I write a lot about the emotional kind of torment that as a young kid that you put yourself through. No one asks you to put yourself through the self-loathing or the self-analysis that I put myself through and a lot of other teenagers put themselves through. – Jack Garratt
Jack Garratt is a British singer-songwriter who can play many instruments simultaneously on stage as we got to see at Osheaga this year. He’s been promoting his debut album Phase and sat down with us to discuss music, the inspiration behind his songs, his experiences memorable experiences on tour.
Confront: What do you think of Osheaga so far?
Jack: I literally have just arrived. I tell you what, it’s a very well organized festival from what I’ve seen.
Confront: How would you describe your music to someone who hasn’t heard it yet?
Jack: I would not describe it, I would instead show them. I’ve always said that. it’s difficult to describe my music. On a basic sense you could call it electronic or soul music, or you could call it alternative-pop I guess. But I would also rather not call it any of those because I don’t think it is any of those. I’d instead just pick a couple songs and play them to someone. I feel like that’s the best way to figure out whether you like something or not anyway, through the experience.
Confront: What was the main source of inspiration for Phase and what message does it convey?
Jack: Phase has kind of been about a time in my growth as an adult. It’s about a maturity level up that I went through. When I was a kid, I would kind of sacrifice myself for the sake of other people, or sacrifice my emotions for people who didn’t really care or ask me to. I was doing it for myself to get the attention, and it would never really work out for the best. It took me a while to realize that’s why I was doing that and I wasted a lot of my childhood and adolescence just doing stupid shit.
I write a lot about the emotional kind of torment that as a young kid that you put yourself through. No one asks you to put yourself through the self-loathing or the self-analysis that I put myself through and a lot of other teenagers put themselves through. The album is pretty much around that idea and how difficult and self-inflicted that time is and how impossible it can feel to get out of it.
Confront: Which of your song’s is the most meaningful to you right now?
Jack: I always have a lot of love for “I Know What I Do,” simply because that was one of the last songs I wrote for the album. It’s one of the most recent ones for me in terms of its placement in my life and what it means to the people I wrote it about.
Confront: What was it like to tour with Mumford and Sons?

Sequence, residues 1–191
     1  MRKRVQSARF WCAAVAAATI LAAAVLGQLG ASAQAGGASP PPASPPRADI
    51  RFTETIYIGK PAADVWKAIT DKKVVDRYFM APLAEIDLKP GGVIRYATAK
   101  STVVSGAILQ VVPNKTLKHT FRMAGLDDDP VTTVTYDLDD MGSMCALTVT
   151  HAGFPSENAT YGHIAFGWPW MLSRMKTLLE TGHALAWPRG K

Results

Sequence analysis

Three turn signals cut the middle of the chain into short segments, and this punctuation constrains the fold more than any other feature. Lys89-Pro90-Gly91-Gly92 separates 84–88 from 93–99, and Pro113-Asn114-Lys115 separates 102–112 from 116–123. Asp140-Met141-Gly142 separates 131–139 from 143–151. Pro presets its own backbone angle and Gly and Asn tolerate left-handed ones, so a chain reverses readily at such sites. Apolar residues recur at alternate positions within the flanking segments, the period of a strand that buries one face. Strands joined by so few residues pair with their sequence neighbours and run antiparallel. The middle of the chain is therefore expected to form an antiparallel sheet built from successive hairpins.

Jack: It was great, really good. Those guys are some of the hardest working people I’ve ever met in my life. It’s kind of unbelievable. I learned so much on that tour. Regardless of what anyone thinks about the music or the records that they’ve released, the show is probably one of the most impressive things I’ve ever seen. The way it works, the way they treat the crew, the way the crew treats each other, they way they treat their fans… it was one of the most inspiring tours that I’ve been fortunate enough to work on, simply because everyone was there for the right reasons, because they love what they do. You can’t help but get infected by that kind of attitude.
Confront: How does touring in North America compare to the UK and Europe?
Jack: The drives are longer. For me every show is different no matter where you are. It’s impossible to dissect a country in its counties or cities or states.
Confront: Is there a memorable city so far?
Jack: I just came from Australia, I did a festival out there called Splendour In The Grass, and it was unbelievable. I didn’t know, but apparently Australia has been very supportive of me and the album, so I kind of went not knowing what to expect and I got a lot in return from it. A lot of people came to that show. Very heartwarming and surprising.
Confront: What advice would you give to aspiring singer/songwriters?
Jack: Trust yourself. I wish I’d had someone instil that kind of confidence in me at a younger age. It’s important to make mistakes, even if the mistakes you make are from your decisions. It doesn’t mean that you’re therefore not allowed to make decisions for yourself in the future. Part of growing up and being artistic is throwing shit at the wall and seeing what sticks. Sometimes it doesn’t and sometimes it does. But no matter what, whatever you throw, it’s your shit – own the artistry that you wanna create. Do it. Be confident.
Confront: What would you say is your motto these days?
Jack: I am the least important person when it comes to everything that I do. Everything that I do, I am the most important person to myself in the sense that if I die it all stops. But I am the least important person when it comes to playing a show, when it comes to making a record and doing everything. I’m here for my own reasons but I am also here to be a part of something greater than myself, and I remind myself of that every day.